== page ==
This post looks at the nature of information availability and how we select what action to act upon. One of the questions I've had for years is why do all home buyers rely so much upon appraisals? At first glance, this seems like a silly question. But think about it - virtually every real estate site offers some sort of free appraisal. Think of the now famous Zestimates at Zillow.com.
All this really tells people is that a home, with certain characteristics, is worth some amount of money relative to other nearby homes. A fancy name for this is a hedonic pricing model. It's actually pretty easy to do - once you get the information. You get an equation where you plug in lot size, and square footage and number of bedrooms and the model spits out the value based on recently sold comps. Elegant, easy...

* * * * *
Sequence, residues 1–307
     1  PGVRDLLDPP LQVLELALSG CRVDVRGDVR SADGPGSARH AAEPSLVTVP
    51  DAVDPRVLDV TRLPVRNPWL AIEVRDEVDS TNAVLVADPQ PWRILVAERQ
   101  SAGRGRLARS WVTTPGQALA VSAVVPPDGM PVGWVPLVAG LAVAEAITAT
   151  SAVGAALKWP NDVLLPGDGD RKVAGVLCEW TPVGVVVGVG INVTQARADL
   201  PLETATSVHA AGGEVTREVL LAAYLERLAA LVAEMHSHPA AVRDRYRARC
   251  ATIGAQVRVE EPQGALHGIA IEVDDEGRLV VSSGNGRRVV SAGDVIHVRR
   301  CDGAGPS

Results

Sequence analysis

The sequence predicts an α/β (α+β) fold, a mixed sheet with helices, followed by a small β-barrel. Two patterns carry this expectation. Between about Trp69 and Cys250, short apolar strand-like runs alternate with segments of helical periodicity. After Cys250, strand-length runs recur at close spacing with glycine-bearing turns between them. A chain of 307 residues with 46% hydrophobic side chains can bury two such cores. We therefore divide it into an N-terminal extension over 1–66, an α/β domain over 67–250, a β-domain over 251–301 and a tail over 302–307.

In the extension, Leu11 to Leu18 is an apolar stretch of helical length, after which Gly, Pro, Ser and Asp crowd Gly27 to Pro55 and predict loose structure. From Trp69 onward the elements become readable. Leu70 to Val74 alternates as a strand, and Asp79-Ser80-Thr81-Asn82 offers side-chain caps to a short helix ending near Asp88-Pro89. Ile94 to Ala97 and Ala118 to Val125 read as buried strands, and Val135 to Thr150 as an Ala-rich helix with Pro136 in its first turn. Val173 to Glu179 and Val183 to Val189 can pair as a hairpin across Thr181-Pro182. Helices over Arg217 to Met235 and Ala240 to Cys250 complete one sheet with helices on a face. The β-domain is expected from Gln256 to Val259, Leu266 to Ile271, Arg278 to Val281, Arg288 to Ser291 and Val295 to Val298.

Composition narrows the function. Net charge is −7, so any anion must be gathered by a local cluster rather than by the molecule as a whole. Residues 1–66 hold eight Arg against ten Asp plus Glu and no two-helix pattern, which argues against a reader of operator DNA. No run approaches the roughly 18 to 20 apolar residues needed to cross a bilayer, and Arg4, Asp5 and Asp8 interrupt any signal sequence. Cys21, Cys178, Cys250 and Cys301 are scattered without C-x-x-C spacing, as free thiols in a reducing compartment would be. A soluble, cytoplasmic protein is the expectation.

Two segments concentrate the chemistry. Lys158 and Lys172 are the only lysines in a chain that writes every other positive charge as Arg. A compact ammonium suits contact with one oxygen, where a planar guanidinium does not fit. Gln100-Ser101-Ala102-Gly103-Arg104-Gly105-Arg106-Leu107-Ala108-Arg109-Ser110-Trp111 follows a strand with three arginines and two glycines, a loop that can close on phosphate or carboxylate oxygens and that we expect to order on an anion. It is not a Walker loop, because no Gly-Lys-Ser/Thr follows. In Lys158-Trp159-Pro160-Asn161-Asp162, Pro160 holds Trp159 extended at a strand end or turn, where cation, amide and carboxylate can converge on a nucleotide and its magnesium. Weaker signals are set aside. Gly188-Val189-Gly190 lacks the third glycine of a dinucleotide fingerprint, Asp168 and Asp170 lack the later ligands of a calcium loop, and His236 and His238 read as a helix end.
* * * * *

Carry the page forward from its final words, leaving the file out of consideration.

All this really tells you is what the price is relative to other nearby homes. However, the number that really matters to both buyers and sellers, particularly in a rapidly changing market is - what will the house be in 2 year, in 5 years. This is the question that must be answered first. Otherwise, a buyer could get a great deal at current prices but still end up underwater in 6 months.
To us, it seems obvious that the solution is an individual home price forecast. This should be a part of the buying process - before the realtor, before the loan officer, before the decision of how much to spend. The first question should become - should we buy at all, and if so when? Too often, over the last 7 years, there was an assumption that it's always the right time to buy. It turns out that it's often a very bad time to buy. We believe that house forecasts solve part of this problem.